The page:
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It ain’t none of your business

I cross-posted this from my personal blog, elparquenuez.com.  Thought it could be of some use here.

Many people have drawn allusions between business operation and education reform.  “Schools should run like businesses” These people say.  “Businesses work.  They maximize profit and treat employees with a greater professional respect.  Why not try to emulate this model in schools?”

I’ve always dismissed this recommendation out of hand, giving it nothing more than a passing thought.  “If only that school was run like a business” someone might say.  “It is!”  I return.  “It’s just…run like a failing one.” (zing!)  There are indeed many corrupt, seriously greedy, and downright failing businesses.  It is nothing about the business world that guarantees “success” in and of itself.  It’s just included companies that’ve found successes through designing their interaction with the people who buy their things.

Despite my qualms with business, I recently realized I had a bit of cognitive dissonance regarding the subject.

Certainly, I sometimes think with a business brain.  I’m a huge fan of the marketing process.  I consider this creative process a part of my own professional responsibility as a teacher.  In fact, I think I learned more watching and reflecting about the show “Mad Men” than I did in a year of Master’s Work.  I also regard gaming as a focal part of my approach to learning.  Games are of course fun, but the development of these games has become a major enterprise.  Finally, social networking is central to how my students learn, and how I communicate with ideas/people around the globe.  Haven’t successful social media campaigns not forced businesses to rethink how they interact with their consumers?

So consider the parallels.  Old business sets the market up in a singular direction.  Businesses market a product people don’t know they want yet.  They create the product, then ship to faceless people.  It’s fashionable to cite “old media” as an example of such practice.  While “old media” still pulls in profits, the model is shifting under its feet.   The world is changing, while businesses are struggling to keep the world the same.  In other words, the world changes without the permission of institutions.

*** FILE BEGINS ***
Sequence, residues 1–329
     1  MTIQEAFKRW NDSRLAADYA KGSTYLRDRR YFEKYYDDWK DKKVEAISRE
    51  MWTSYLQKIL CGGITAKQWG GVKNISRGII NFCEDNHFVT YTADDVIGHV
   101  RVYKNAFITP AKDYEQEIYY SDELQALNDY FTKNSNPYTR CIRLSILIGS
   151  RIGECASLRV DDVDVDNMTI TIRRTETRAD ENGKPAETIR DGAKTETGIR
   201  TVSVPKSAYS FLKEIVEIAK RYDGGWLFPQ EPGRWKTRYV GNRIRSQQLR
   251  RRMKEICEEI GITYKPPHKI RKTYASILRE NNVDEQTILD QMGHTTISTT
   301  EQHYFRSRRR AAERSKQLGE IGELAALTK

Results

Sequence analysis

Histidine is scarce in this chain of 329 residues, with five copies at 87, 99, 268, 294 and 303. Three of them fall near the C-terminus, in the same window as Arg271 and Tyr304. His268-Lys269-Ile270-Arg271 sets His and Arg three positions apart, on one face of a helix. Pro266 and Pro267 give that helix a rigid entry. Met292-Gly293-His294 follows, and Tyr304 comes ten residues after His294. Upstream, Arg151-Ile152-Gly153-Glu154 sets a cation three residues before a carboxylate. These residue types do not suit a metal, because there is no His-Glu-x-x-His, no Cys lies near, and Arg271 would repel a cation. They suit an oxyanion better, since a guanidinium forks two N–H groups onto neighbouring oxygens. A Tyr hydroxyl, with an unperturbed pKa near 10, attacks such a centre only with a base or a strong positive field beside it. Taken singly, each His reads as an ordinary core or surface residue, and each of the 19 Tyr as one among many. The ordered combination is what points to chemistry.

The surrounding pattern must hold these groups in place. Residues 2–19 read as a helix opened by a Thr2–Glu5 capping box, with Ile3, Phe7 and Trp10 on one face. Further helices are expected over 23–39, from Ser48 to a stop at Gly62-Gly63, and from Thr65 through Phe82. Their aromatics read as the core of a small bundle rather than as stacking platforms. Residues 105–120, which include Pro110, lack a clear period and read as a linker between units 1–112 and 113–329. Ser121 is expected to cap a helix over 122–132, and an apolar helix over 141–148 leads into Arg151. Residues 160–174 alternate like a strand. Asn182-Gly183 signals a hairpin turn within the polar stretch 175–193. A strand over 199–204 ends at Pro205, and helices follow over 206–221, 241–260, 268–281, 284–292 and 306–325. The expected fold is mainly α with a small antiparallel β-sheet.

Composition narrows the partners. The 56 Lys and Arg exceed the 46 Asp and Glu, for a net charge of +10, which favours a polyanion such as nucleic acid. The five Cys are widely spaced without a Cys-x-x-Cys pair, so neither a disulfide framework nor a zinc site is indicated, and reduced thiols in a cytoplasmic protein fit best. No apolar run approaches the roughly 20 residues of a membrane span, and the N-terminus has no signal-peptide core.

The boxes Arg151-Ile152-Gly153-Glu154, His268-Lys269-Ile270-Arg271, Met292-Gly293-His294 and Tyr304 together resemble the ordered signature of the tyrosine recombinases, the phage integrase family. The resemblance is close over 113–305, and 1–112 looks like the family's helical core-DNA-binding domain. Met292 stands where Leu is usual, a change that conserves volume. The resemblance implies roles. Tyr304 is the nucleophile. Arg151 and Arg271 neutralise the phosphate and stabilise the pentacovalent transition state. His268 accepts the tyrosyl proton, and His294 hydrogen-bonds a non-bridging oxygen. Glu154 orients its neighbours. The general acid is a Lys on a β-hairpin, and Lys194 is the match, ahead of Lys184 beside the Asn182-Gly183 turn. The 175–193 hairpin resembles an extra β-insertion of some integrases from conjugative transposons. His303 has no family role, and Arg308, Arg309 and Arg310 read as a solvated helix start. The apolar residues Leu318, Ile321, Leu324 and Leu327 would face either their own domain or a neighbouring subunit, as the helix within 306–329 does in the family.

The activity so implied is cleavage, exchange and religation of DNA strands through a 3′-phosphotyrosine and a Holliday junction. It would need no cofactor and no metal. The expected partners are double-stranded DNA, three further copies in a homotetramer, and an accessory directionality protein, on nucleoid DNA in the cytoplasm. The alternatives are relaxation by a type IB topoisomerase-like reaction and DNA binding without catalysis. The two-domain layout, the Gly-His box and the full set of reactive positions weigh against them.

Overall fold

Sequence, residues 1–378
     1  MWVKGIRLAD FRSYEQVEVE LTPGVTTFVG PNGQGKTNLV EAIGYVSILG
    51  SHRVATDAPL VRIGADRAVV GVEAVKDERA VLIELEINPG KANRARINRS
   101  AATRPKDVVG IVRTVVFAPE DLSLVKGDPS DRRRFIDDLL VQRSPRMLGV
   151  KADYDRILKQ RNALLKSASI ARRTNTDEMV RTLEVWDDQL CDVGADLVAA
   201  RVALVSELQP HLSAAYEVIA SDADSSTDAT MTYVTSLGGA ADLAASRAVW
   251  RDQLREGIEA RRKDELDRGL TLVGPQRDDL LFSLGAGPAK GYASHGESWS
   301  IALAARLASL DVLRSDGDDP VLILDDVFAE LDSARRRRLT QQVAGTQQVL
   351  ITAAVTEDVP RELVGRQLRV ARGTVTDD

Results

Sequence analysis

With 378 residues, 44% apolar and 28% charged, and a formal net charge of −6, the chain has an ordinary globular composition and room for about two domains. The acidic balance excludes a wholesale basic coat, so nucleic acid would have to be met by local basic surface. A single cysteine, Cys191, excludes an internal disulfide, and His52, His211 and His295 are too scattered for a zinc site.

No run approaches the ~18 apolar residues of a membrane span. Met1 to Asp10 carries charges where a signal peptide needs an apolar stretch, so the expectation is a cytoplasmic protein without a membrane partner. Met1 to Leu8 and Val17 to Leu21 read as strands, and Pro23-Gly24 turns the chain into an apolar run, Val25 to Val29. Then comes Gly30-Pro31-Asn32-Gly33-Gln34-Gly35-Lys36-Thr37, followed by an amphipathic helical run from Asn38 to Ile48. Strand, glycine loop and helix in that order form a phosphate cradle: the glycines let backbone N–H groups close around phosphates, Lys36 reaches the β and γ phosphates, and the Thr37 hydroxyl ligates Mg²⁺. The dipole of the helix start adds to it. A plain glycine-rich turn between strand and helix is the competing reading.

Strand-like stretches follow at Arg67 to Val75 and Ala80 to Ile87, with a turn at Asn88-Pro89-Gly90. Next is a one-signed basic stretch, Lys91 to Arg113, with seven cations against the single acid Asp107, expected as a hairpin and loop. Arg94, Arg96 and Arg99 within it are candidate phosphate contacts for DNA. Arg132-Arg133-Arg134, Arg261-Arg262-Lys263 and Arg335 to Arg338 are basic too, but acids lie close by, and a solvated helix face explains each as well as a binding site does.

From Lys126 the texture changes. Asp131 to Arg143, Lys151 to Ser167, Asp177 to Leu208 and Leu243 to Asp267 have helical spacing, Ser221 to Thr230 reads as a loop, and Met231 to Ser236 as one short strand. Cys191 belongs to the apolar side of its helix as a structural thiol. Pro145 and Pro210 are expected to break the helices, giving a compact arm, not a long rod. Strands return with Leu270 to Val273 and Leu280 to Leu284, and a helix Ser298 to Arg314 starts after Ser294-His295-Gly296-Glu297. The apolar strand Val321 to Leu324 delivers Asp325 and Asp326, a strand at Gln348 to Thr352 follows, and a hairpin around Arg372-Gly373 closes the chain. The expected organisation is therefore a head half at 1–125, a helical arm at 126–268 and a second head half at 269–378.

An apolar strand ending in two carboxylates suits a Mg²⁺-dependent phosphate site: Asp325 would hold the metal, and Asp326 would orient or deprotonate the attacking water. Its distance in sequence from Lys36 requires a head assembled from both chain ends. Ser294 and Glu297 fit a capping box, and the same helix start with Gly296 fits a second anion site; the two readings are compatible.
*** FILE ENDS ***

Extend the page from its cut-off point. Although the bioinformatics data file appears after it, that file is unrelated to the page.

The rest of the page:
So isn’t the same thing happening in schools?

The capital (human and otherwise) spent to “improve schools” only seeks to improve a model that is already decaying.  As with “old media”, reformers seek to improve their interaction with the market (kids) so that the market can produce greater results.

I don’t think this has to be the case.

Why can’t we be more like the disruptions on old ways of doing business.  Take risks, and slowly change the nature of learning without the permission of the institutions that previously enabled this learning to take place.  As with other industries, we don’t need their permission anymore.

So, what are we going to be?  More like the businesses that will either be completely different 10 years from now anyway (or die), or more like the ones that will have value 20 years from now?

P.S. I’m glad I was able to get past my hesitations, and think through this analogy.  Special thanks to @johntspencer for leading me to be more humble as I think about reform.

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About mrsenorhill

Director of Innovation, Special Projects @collegeboundstl, Co-Founder and CEO @thedisruptdept, hustling for creation literacy for all; want to cook better.

Discussion

One thought on “It ain’t none of your business

  1. I too learned more from watching Mad Men than I did in a year of Masters work.

    Posted by Kirsten Olson | December 7, 2010, 10:13 am

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